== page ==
Security Chiefs Take On IT Roles as More Infrastructure Moves Online

Security Chiefs Take On IT Roles as More Infrastructure Moves Online

Tech News

Stay-at-home orders during the Covid-19 pandemic spurred new cloud computing and remote-technology setups, increasing company exposure to hackers. As a result, some corporate cybersecurity chiefs are also taking on the leadership role for all of information technology. Oversight of both groups isn’t an easy line to walk.

Having spent years in general IT, these chief information security officers understand the cyber risks of an increasingly far-flung tech infrastructure, said Lucia Milică Stacy, global resident CISO at cybersecurity firm Proofpoint.

“We’ve worked IT, we came from that background,” she said. “The difference is a lot of the IT leaders haven’t necessarily honed in on the security side.”

About 19% of CISOs at publicly traded companies also have responsibility for IT, according to a survey of 650 security executives published in April by Hitch Partners. Among private companies, 46% of CISOs hold the double role, the recruiting firm found.

CISOs aren’t displacing chief information officers en masse but for some companies, the dual hat makes sense, said Oren Yunger, a co-founder of Silicon Valley CISO Investments, an investment group. At least half of the CISOs at the portfolio companies of SVCI, have assumed responsibility for all of IT, said Yunger, who is also a partner at venture-capital firm GGV Capital.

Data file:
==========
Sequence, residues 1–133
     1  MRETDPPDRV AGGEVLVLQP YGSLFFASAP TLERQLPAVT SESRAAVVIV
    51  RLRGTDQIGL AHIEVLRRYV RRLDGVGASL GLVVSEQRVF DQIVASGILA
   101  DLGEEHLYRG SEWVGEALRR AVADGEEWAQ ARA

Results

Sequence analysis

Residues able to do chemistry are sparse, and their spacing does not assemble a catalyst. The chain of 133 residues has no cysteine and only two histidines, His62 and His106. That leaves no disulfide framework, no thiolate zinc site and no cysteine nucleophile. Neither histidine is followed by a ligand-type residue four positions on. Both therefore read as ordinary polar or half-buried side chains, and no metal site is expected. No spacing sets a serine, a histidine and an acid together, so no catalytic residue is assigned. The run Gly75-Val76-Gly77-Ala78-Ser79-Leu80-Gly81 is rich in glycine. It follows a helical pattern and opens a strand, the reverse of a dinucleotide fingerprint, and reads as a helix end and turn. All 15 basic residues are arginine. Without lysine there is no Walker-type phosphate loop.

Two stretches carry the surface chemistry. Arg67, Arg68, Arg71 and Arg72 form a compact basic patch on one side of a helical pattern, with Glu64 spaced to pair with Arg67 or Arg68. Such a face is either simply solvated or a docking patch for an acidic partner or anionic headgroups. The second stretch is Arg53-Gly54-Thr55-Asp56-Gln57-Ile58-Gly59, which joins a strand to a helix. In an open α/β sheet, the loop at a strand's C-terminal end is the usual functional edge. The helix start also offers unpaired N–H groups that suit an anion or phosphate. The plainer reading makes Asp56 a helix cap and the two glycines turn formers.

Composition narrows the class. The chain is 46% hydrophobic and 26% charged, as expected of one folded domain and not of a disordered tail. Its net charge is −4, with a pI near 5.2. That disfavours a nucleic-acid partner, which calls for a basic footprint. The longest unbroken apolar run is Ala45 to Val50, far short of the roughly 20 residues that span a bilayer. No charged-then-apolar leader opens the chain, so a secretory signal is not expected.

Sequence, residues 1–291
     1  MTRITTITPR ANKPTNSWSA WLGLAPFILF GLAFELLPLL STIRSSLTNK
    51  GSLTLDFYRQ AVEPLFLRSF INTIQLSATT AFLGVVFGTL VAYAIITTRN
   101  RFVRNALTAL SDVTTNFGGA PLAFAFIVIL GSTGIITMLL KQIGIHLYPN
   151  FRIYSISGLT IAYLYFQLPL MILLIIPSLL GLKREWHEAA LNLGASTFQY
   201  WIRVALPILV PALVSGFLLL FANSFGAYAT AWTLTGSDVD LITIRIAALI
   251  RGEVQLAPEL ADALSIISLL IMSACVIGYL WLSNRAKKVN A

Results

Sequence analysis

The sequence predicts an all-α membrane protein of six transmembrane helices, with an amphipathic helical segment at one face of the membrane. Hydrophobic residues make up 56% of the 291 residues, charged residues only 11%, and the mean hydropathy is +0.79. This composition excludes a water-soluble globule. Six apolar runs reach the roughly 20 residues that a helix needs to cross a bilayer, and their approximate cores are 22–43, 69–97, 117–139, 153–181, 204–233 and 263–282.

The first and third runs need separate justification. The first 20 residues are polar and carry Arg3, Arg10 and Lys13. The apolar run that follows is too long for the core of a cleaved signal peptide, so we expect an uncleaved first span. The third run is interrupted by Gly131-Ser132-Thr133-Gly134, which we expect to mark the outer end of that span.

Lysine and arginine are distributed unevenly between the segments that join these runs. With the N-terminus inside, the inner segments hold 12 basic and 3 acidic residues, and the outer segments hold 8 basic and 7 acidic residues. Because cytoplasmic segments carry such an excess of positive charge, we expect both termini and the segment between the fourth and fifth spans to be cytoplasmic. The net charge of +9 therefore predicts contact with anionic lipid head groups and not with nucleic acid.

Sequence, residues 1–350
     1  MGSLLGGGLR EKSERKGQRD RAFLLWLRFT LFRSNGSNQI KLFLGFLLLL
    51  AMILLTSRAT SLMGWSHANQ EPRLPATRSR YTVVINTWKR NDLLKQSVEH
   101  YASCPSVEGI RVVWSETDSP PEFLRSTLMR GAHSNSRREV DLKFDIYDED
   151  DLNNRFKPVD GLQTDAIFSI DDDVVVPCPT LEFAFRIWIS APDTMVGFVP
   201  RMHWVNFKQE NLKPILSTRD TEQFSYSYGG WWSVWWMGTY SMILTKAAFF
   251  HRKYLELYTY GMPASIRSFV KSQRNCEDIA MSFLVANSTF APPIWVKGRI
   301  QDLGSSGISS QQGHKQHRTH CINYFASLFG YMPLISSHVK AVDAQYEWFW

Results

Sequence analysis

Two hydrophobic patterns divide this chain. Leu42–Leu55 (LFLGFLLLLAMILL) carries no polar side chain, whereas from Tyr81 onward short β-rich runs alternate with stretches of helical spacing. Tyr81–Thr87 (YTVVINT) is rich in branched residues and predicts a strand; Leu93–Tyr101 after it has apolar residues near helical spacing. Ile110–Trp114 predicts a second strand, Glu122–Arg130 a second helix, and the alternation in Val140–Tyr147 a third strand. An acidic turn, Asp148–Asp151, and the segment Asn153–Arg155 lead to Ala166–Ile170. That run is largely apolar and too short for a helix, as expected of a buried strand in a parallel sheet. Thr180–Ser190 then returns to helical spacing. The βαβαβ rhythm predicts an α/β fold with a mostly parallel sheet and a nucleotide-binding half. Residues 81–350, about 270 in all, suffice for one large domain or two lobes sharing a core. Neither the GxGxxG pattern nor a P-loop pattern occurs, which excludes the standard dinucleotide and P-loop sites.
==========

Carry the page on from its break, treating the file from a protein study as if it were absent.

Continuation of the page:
Productivity is one reason, Yunger said. Patching, for instance, is a core security task that has traditionally been done by IT. Rolling up the two roles allows for operational efficiencies, he said.

Ten years ago, substantially all security chiefs reported to a company’s chief information officer or chief technology officer, Yunger said.

“What has changed in my opinion is that a lot of the IT work is actually doing security,” he said.

At home-security company SimpliSafe, CISO Adam Glick is also responsible for IT, which allows him to deploy technology in line with security objectives from the start, he said, rather than adding security processes and tools to existing projects.

The change isn’t one way. Some tech leaders have taken on cybersecurity responsibilities.

Gerardo Richarte, CTO at satellite operator Satellogic, expanded his role to take on the CISO title around four years ago.

Managing both functions can be difficult. Sometimes, each group wants to start a project that has a direct impact on the other, leaving Richarte to navigate conflicts, he said.

“In that sense, I think it’s positive I have the two views and I can always find a way to have the teams work together,” he said.

Recently, an IT manager at Satellogic sought approval for software that would improve how the company works with partners, but the security team thought the system would be risky, Richarte said. The two teams together found a different way to address the problem by choosing an online version of a platform that Satellogic employees and external partners could jointly use. The company didn’t need to install a new desktop application and the online platform didn’t add risks or spending, he said.

Nirav Shah, CIO at Republic Airways, who is also CISO and chief digital officer at the airline operator, said that when faced with such choices, he usually has a simple solution.

Technology teams often like to move quickly and go live with products as soon as development is completed. Security teams, though, want to conduct reviews such as penetration tests before releasing new software. Shah, a former software engineer, said he has come around to that way of thinking.

“If I’m the tiebreaker vote, then it’s probably what the security team wants,” he said. “I would much rather be cautious than sorry later on.”

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